Bad sectors are a physical problem on the hard drive. Every operating system has it's own specific tools you can use to fix bad sectors. The best way to repair the hard drive is to boot another system and scan the hard drive while it's not in use. You can also boot the system in single user mode and run a scan if no other system is available. The "e2fsck" program is ideal to check the file system and use the "badblocks" program to check the hard drive. Don't run the "badblocks" program directly unless you know the exact block size.
- Skill level:
- Moderately Easy
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Download and burn Ubuntu to a DVD. If you have another Linux system or Live CD that can access the hard drive, you may skip this step.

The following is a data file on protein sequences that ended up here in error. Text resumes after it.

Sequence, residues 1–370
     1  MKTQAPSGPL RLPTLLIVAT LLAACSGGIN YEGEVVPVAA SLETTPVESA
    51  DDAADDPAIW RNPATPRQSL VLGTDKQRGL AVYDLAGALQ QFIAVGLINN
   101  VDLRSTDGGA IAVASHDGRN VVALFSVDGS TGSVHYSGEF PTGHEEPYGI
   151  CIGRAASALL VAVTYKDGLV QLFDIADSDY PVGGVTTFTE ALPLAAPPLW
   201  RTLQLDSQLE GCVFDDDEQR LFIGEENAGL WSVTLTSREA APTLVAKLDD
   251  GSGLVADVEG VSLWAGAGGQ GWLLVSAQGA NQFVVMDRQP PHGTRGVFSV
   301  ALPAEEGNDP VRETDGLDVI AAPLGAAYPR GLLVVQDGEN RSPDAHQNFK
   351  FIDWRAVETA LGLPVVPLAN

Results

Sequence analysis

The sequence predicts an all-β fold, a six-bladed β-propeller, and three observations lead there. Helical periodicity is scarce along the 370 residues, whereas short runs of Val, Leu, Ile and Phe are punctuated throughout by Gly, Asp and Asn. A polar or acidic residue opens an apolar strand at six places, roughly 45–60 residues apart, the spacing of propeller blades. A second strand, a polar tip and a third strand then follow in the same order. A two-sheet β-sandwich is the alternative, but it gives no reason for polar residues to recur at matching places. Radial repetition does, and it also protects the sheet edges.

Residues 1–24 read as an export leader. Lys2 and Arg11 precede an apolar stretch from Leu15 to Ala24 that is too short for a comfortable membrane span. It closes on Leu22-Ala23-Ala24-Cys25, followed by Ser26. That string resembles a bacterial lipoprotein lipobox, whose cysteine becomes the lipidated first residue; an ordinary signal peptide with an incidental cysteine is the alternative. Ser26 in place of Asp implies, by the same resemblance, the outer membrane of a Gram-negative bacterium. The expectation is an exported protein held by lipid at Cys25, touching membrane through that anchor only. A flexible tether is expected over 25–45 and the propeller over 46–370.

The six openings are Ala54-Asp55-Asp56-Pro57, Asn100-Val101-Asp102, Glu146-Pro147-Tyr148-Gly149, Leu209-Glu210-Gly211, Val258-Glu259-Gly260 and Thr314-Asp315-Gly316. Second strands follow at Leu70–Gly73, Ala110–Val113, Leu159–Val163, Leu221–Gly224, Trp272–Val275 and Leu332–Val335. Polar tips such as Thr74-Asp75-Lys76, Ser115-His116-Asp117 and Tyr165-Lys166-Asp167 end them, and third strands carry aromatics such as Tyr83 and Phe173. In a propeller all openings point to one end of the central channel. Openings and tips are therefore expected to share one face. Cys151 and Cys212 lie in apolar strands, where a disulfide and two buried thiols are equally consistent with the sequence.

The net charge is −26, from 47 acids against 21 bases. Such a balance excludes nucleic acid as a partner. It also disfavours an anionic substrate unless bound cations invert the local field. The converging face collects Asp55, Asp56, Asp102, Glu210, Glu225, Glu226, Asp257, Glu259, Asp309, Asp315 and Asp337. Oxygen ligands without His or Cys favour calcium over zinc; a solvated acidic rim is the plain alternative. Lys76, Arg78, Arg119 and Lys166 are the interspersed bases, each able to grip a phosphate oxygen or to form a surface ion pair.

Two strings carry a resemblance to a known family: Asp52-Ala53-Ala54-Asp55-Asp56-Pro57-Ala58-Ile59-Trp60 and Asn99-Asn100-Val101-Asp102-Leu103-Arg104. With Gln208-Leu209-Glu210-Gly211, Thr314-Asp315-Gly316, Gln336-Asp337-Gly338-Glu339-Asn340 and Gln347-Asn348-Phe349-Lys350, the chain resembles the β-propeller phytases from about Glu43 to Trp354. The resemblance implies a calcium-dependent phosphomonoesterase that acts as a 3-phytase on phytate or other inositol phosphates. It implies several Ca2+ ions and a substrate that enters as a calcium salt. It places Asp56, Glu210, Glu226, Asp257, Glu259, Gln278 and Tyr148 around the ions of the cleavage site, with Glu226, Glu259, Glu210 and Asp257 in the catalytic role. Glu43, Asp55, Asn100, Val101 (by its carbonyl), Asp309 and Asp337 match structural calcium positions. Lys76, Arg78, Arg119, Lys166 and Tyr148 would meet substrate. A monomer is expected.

Restart the computer and boot from the DVD or alternate system.
Open a terminal window.
Type "fdisk -l" (without the quotation marks) to see the hard drive and partition device names. This displays the hard drives and partitions on your system. Make a note of the hard drive or partition you want to scan for the "e2fsck" command. Please note the parameter after the command is a lower-case "L."
Type the following command: sudo e2fsck -cfpv /dev/sdb2. Replace "sdb2" with your actual device name, this can be an entire drive, such as "sda" or a partition, such as "sda1."
The parameters have the following meanings: "c" searches for bad blocks and adds them to the list, "f" forces a check on the file system, "p" repairs anything that can be safely repaired and "v" is verbose mode so you can see the command progress.
The "e2fsck" command can take a long time to run, even several hours on a particularly large drive.
Exit the terminal after the "e2fsck" command is finished.
Remove the DVD/CD if any and reboot the system. Your file system is up to date with any bad sectors and will avoid them; any repairable issues have been fixed.
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